The first dish is just herring with potatoes and onions. If you like fish you will like it. I love fish and seafood, so I thought it was pretty tasty.The second dish is Сало (Salo). This is basically just animal fat. It didn't taste bad it was just really hard to chew. I need jaw surgery to align my jaw correctly, so for me it was even harder to tear the food. I didn't feel so bad though because Zilya couldn't even cut through it with a knife. I was most intrigued to try this next dish. It was actually the first one I tried of the night. It is called Холодец (Kholodets) and it is jellied meat. Yes, jellied meat. In the video everyone thought that this was the most disgusting dish because of the texture. I was so nervous to try it, but I just went for it and to be honest it was actually good. They give you a SUPER hot mustard to put on it that makes your nose feel like it's on fire if you add too much, but I would recommend it.
The last one I tried was сельдь под шубой (sel'd' pod shuboy) also known as Dressed Herring or Herring Under a Fur Coat. It is a layered salad with diced salted herring covered with beets, chopped onions, and mayonnaise. This was actually my favorite dish. It sounds unappetizing, and most people who aren't Russian probably think it's disgusting, but I couldn't stop eating it. I'm pretty sure I could have eaten five plates of it.

They told me that they want to take me to other restaurants to try more national food. You get to look forward to more food posts. Now tell me, have you tried any of these dishes before? Would you try any of them?

Friday, February 12, 2016

Mulled Wine

In December I met my friend Alesya for dinner. She asked if I ever had глинтвейн. Of course I had never heard of it because my Russian is horrible and then she translated it and I still had no idea what it was. She ordered them for us and I was in Heaven.

Fast forward to my St. Petersburg trip with Katherine and I suggest that we order them. We've been obsessed ever since. Any time we go to a restaurant that has mulled wine we text the other person to let them know. We decided that we would try to make our own to save some money and I'm glad we did. It was our first attempt and it turned out GREAT!
What you need:
  • 1 (750 mL) bottle of dry red wine
  • 1/4 cup Cognac (We used Cranberry Cognac, but you can also use rum or brandy)
  • 1/4 cup of honey (or 1/3 cup of honey and 2 Tbs of sugar)
  • 1 large orange (half for mix and half for garnish)
  • 1 large apple (half for mix and half for garnish)
  • 2 Tbs of cinnamon or 2 cinnamon sticks
  • 8 whole cloves
Directions 
  1. Combine all the ingredients, including (except of the half fruits that will be used as garnish) into a non-aluminum pot. Cook on low bring the mixture to a simmer but not letting it boil. I have a gas stove so it heats up mixtures really quick. If you have an electric stove I would suggest setting it to medium-high until it starts to simmer and then setting it to low.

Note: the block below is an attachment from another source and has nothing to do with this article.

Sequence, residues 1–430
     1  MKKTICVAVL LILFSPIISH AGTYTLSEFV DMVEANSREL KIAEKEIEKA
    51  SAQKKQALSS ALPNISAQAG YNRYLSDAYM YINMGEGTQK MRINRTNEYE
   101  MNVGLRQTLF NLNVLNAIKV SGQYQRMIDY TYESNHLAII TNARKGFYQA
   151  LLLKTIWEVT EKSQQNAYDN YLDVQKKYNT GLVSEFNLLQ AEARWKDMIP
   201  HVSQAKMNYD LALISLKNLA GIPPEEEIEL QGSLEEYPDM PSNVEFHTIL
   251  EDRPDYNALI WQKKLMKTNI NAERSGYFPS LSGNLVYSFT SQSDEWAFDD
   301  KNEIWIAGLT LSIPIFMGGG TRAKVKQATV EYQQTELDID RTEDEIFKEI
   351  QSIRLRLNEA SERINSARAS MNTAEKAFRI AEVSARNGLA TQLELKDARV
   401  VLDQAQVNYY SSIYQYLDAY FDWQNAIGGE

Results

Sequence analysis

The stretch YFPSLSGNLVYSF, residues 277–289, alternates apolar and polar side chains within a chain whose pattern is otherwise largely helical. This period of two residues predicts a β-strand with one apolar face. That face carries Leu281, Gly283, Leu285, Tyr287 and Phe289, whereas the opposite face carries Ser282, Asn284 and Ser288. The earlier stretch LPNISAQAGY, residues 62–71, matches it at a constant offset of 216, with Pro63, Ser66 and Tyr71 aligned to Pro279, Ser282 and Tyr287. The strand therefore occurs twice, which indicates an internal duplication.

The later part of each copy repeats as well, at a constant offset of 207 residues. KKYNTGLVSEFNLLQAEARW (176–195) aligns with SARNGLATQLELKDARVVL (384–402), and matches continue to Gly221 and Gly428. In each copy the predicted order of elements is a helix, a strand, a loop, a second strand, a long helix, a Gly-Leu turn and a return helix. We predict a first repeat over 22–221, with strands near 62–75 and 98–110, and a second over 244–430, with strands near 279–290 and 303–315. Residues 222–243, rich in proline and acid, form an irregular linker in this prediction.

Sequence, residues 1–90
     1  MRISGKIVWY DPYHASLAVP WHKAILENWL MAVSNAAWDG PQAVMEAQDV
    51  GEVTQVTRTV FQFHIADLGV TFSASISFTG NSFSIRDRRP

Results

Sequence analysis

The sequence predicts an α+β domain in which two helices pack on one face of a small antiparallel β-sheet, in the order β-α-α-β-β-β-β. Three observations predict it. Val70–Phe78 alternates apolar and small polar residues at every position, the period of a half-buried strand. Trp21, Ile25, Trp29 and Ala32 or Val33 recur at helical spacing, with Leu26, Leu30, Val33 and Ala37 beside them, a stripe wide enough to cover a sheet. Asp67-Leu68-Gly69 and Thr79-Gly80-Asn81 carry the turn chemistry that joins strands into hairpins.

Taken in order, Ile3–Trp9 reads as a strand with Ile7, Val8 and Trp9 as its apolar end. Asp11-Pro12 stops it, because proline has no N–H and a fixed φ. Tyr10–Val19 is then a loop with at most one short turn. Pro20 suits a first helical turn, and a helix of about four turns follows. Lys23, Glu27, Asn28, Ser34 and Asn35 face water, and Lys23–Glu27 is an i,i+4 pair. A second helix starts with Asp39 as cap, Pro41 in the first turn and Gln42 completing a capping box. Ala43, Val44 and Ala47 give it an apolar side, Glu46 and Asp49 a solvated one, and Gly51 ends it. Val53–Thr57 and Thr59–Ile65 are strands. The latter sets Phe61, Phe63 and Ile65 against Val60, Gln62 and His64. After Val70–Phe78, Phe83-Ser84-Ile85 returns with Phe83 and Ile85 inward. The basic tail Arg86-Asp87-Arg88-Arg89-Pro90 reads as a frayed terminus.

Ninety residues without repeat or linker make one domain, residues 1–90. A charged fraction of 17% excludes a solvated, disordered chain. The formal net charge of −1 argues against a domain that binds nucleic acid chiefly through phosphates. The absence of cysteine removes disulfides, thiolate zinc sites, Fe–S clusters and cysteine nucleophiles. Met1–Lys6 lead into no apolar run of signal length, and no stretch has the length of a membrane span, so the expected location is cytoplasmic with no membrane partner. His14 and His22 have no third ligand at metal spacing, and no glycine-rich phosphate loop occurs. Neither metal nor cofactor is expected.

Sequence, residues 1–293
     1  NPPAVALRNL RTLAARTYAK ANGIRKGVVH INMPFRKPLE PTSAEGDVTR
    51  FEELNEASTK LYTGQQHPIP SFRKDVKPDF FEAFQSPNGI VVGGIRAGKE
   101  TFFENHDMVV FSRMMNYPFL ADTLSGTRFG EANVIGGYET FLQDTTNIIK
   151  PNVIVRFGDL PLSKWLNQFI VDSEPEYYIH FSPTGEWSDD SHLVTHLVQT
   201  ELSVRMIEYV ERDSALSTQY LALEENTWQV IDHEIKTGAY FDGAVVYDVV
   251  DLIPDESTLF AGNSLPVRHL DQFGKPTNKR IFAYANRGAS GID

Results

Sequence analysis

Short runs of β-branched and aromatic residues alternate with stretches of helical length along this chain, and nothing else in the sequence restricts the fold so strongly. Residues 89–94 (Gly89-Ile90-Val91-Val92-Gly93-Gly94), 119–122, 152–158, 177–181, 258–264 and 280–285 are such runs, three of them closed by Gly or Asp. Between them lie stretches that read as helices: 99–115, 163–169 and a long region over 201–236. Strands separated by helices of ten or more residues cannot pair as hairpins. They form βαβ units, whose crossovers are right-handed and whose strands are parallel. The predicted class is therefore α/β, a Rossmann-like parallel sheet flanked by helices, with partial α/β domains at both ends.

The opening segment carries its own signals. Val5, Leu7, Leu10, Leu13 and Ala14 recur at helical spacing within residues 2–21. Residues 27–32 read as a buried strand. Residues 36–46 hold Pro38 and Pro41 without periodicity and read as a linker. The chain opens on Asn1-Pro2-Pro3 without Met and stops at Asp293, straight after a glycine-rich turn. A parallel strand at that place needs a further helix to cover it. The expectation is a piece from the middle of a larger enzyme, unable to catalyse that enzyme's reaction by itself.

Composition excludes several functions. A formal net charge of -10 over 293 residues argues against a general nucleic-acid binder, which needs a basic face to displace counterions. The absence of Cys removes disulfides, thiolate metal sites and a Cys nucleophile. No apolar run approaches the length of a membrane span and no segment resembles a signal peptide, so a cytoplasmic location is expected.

2. Let simmer for 30 minutes-2 hours. I stirred often until the honey was complete dissolved.
  3. Strain the mixture, and serve warm. Add additional fruit and cinnamon sticks to your glass for garnish. You can also eat the boozy fruits later. 

Sunday, February 7, 2016

Tyulkin House Museum

I have been doing a HORRIBLE job of posting of more than just my trips. I wish I was a travel blogger but sadly I am not. I am trying to make more of an effort to post just every day things. I think the biggest reason I stopped was because I never had my DSLR camera with me, but I'm trying to get more intentional with my iPhone. Sorry if the pictures aren't that great. I'm kind of annoyed with my iPhone lately. I'm never satisfied with the pictures anymore. Maybe I dropped my phone one too many times. ;)

On Thursday (February 4) our director invited us (the native English teachers) to a gathering at the Tyulkin House Museum, which also included some Fulbright members. They invited some musicians to come and sing for us and the director of the museum gave us a brief history of the museum. The overview was given in Russian so thank goodness people could translate for me. I'm still struggling to learn the language. Afterwards, everyone (except me because I can't sing) sang Jingle Bells and Russian songs while we drank tea and ate a ton of cookies.
I took a few photos of the interior of the house. It is very small, but it includes art from Aleksander Tyulkin. His artwork is definitely worth looking at and if you can find someone to translate for you then you should definitely listen to some of the history of the art pieces. I couldn't help but take a picture of the outside of the home. I mean look at that color! I was in love. It is kind of hard to find the house because it looks like it is in the middle of no where and there really is no sign to indicate you are at a museum. Luckily, one of the secretaries from the school I work at was walking behind me so I was able to find the place!